I wasn’t forced to write horror. I didn’t choose that genre — especially as a Christian! — because it’s a hot genre. I don’t read horror as a psychological outworking of some hidden rage or trauma (at least, I don’t think so).
Still, horror fiction holds a special place in my heart.
After the Boston Marathon bombing, I read several articles that made me sick to my stomach. The carnage, the mutilation. One of the many things that crossed my mind was why, in a world full of horrors, would someone want to write or read fictional horror? Escapism and sugary, feel-good tales seem more in order. Don’t they?
Perhaps this is why people look aslant at you when you say you write or read horror. As if you’re a real sicko. It’s been suggested that “some self-published authors have pulled away from marketing their books as horror because they sell better when labeled as other genres.” In other words, the splatter crowd has given us a bad name. Frankly, I think the person who enjoys watching / reading about torture, dessication, and decapitation, has issues.
But, realistically, it’s a fine line.
While physical horrors are often a part of horror tales, I don’t read them for such. I’m much happier being creeped out rather than grossed out.
In defining horror fiction, the Horror Writers Association says this:
As children, we might be afraid of the shadows looming from a half-closed closet door or of the monster we believe lies under the bed. Terrors of the imagination run wild at that age. As adults, our fears become more sophisticated, more grounded in worldly events. They become the death of a loved one, the terminal illness of a small child, the fear of our lives running out of our control. Horror, by nature, is a personal touch — an intrusion into our comfort levels. It speaks of the human condition and forcibly reminds us of how little we actually know and understand. (bold mine)
In his Danse Macabre, Stephen King strikes a similar note, describing the genre as appealing to our primal fears, seeking to arouse what he called “phobic pressure points.”
The genre we’re talking about, whether it be in terms of books, film, or TV, is really all one: make-believe horrors. And one of the questions that frequently comes up, asked by people who have grasped the paradox (but perhaps not fully articulated it in their own minds) is: Why do you want to make up horrible things when there is so much real horror in the world?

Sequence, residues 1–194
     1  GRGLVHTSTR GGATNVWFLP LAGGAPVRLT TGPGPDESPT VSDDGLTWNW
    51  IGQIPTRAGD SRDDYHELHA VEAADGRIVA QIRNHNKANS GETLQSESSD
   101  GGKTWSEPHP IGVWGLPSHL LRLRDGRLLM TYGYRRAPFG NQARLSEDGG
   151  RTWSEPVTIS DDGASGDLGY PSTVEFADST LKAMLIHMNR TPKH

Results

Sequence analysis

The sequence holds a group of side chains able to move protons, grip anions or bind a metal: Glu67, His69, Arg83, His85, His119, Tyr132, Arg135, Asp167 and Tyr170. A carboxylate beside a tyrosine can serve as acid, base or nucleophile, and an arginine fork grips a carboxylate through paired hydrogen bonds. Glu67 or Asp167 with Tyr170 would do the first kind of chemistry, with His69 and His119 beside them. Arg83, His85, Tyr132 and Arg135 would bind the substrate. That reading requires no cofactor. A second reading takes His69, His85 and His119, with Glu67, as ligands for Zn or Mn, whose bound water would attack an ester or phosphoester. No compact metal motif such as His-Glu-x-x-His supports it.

The answer seems to be that we make up horrors to help us cope with the real ones. With the endless inventiveness of humankind, we grasp the very elements which are so divisive and destructive and try to turn them into tools — to dismantle themselves. The term catharsis is as old as Greek drama, and it has been used rather too glibly by some practitioners in my field to justify what they do, but it still has its limited uses here. The dream of horror is in itself an out-letting and a lancing. . . and it may well be that the mass-media dream of horror can sometimes become a nationwide analyst’s couch.
Granted, this may be complete misdirection, an attempt to justify what is really prurient and warped. However, it does capture, in part, why I read and write horror. On the one hand, horror “speaks of the human condition and forcibly reminds us of how little we actually know and understand.” Horror takes us to the brink of some psychological precipice. Or cesspool. On the other, it is cathartic and helps us “cope with the real [horrors].” Yes, it can also desensitize us. But the horror genre can also help us look into the face of evil and existential terror, and live to speak about it.
Or, at least, “lance” the boil inside us.
My son Jonathan is an ER Tech (Emergency Room Technician). I often talk to him about the things he sees at work. I don’t do this because I find enjoyment in grotesqueness. For one thing, there is no virtue in closing my eyes to the misery of human existence. Americans would be better off having seen in detail the horrors of 9/11. Instead, the media shelters us, showering us with PC lingo and heroic stories. I don’t want to be one who blinks when evil rears its head. Terrorists. Let me see them and those left in their wake.
But what puzzles me even more than Tales from the ER, are the people who work there. The nurses and doctors who can face these horrors without repulsion, and act. Perhaps it’s a stretch, but I read and write horror for a similar reason. There are monsters and monstrosities in our world, mystery and mayhem. Fairy tales are okay. But right now, inside your skin, is about 5.6 liters of blood. The sheath that protects it is rather thin. And walking shoulder to shoulder with you, each day, are angels and devils, suicide bombers and others of evil intent.
Like that doctor, I will not look away.
If you write or read horror, if you appreciate, even seek out, scary movies and stories, I have one question for you: Why?